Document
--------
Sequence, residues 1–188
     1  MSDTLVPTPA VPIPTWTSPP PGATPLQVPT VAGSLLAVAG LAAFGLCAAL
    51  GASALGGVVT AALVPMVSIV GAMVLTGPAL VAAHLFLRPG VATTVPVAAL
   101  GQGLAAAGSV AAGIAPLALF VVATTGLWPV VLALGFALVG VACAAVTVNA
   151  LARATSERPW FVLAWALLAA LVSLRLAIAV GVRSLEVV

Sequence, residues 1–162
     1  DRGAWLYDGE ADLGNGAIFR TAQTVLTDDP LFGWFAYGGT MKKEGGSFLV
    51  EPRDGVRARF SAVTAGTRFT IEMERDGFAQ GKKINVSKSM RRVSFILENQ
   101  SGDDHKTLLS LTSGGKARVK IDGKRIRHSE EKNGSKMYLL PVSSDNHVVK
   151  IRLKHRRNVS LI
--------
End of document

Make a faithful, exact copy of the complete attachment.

Sequence, residues 1–188
     1  MSDTLVPTPA VPIPTWTSPP PGATPLQVPT VAGSLLAVAG LAAFGLCAAL
    51  GASALGGVVT AALVPMVSIV GAMVLTGPAL VAAHLFLRPG VATTVPVAAL
   101  GQGLAAAGSV AAGIAPLALF VVATTGLWPV VLALGFALVG VACAAVTVNA
   151  LARATSERPW FVLAWALLAA LVSLRLAIAV GVRSLEVV

Sequence, residues 1–162
     1  DRGAWLYDGE ADLGNGAIFR TAQTVLTDDP LFGWFAYGGT MKKEGGSFLV
    51  EPRDGVRARF SAVTAGTRFT IEMERDGFAQ GKKINVSKSM RRVSFILENQ
   101  SGDDHKTLLS LTSGGKARVK IDGKRIRHSE EKNGSKMYLL PVSSDNHVVK
   151  IRLKHRRNVS LI